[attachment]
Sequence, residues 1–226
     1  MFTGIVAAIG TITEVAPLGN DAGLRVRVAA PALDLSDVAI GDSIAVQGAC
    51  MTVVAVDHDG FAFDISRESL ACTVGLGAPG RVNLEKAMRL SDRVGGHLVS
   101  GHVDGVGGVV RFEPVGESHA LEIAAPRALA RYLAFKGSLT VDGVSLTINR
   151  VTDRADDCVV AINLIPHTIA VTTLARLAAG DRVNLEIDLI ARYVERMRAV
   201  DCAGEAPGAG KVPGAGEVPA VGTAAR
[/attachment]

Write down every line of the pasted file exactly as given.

Sequence, residues 1–226
     1  MFTGIVAAIG TITEVAPLGN DAGLRVRVAA PALDLSDVAI GDSIAVQGAC
    51  MTVVAVDHDG FAFDISRESL ACTVGLGAPG RVNLEKAMRL SDRVGGHLVS
   101  GHVDGVGGVV RFEPVGESHA LEIAAPRALA RYLAFKGSLT VDGVSLTINR
   151  VTDRADDCVV AINLIPHTIA VTTLARLAAG DRVNLEIDLI ARYVERMRAV
   201  DCAGEAPGAG KVPGAGEVPA VGTAAR